Postgres schemas for Django.

django, postgresql
pip install django-schemas==0.2.0



Build Status PyPI version


Extension for Python's Django framework to support multiple schemas and migrations for PostgreSQL.

Requirements & Installation

This package has been successfully tested with the following tools:

  • PostgreSQL
    • 9.3
  • Python
    • 2.7
    • 3.4
    • 3.5
  • Django
    • 1.9

To install via pip, run the following:

$ pip install django_schemas

Quick Start

There are 4 main steps to using this package.

1. Django Settings

Add the following to your file.

# Bootstraps services

# Declares your first environment
    'sample_environment': {},

# Update `ENGINE` and add `ENVIRONMENTS`
    'default': {
        'ENGINE': 'django_schemas.backends.postgres.wrapper',
        'ENVIRONMENTS': [

# Add router to top of list (or alone)

2. Django Models

Add the following to a file.

# Import from django and django_schemas
from django.db import models
from django_schemas.models import Model as SchemaModel

# Use imported `models` for everything
class SampleUser(SchemaModel, models.Model):
    name = models.CharField(max_length=100)
    # Use value from `DATABASE_ENVIRONMENTS`
    class Meta:
        db_environment = 'sample_environment'

3. Migrations

Add models to a database and schema via the command line.

$ python makemigrations
$ python migrate_schema default \
>     --environment sample_environment \
>     --schema sample_schema

4. Use Schemas

Models have new built-in methods for databases and schemas.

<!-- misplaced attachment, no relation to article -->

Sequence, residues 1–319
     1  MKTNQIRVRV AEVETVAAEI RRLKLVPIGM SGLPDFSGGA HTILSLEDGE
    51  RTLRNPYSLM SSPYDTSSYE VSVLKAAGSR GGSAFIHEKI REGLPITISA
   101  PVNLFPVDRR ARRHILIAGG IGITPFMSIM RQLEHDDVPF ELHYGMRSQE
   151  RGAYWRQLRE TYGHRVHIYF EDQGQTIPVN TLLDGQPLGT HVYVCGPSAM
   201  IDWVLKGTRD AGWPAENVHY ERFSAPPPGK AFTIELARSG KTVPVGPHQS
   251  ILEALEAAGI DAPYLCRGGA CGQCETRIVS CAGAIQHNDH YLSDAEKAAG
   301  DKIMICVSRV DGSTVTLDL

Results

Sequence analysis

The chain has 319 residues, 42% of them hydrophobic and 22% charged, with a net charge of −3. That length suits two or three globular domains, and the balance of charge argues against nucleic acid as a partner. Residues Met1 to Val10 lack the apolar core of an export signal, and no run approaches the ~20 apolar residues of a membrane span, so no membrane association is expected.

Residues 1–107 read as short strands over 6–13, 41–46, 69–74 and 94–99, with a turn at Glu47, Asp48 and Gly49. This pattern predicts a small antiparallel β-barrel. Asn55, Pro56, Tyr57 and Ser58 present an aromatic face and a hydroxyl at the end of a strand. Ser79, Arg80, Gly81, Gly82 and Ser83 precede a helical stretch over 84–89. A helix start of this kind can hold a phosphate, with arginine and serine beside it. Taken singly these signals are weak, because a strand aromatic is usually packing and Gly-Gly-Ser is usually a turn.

# Set schema manually
user_cls = SampleUser.set_db('default','sample_schema')

# Inherit schema from another model
car_cls = SampleCar.inherit_db(user_cls)

# Execute queries with schema models
user_cls.objects.create(name="Sample Name")
user1 = user_cls.objects.get(name="Sample Name")

Advanced Configuration

All customization takes place in Django and files.


This package revolves around defining "environments". Environments are groups of models that can be migrated as a unit, and they are registered in this way:

    'sample_environment': {
        'SCHEMA_NAME': 'sample_schema',
        'ADDITIONAL_SCHEMAS': ['public'],



This is the name of the environment, which gets referred to anytime an environment must be specified. It must always have a dict as its value.

SCHEMA_NAME (optional)

If specified, it will force what schema this environment uses. This can be useful for models that only exist in one place.


This parameter allows you to append schemas to the search_path when migrating a database. A common use case is being able to use the postgis extension from the public schema on your custom schema.


Databases are setup a little bit differently with django-schemas.

    'default': {
        'ENGINE': 'django_schemas.backends.postgres.wrapper',
        'NAME': 'dbname',
        'USER': 'dbuser',
        'PASSWORD': 'dbpass',
        'HOST': '',
        'PORT': '5432',
        'ENVIRONMENTS': [
    'default-read1': {
        'ENGINE': 'django_schemas.backends.postgres.wrapper',
        'NAME': 'dbname',
        'USER': 'dbuser',
        'PASSWORD': 'dbpass',
        'HOST': '',
        'PORT': '5432',



Normally, this can only be django_schemas.backends.postgres.wrapper. However, if you're using PostGIS, you should use django_schemas.backends.postgis.wrapper instead.


This is a list of environments that can be used with this database. This helps govern what migrations and operations can happen where.

In addition, if an environment's SCHEMA_NAME is set and only one database has that particular environment, then models assigned to that environment can now omit the set_db() method entirely when running queries.

default-read1 (optional)

Database aliases that match the regex pattern \-read[1-9]+\d*$ will be classified as a "read replica" by the router, and will be treated as such.

Replicas don't need an ENVIRONMENTS parameter since the write database will already have it. If ENVIRONMENTS is set, then it will be ignored.

When read replicas are set, queries will randomly choose a replica to select from.


Schema-enabled models work as normal except for minor 2 additions: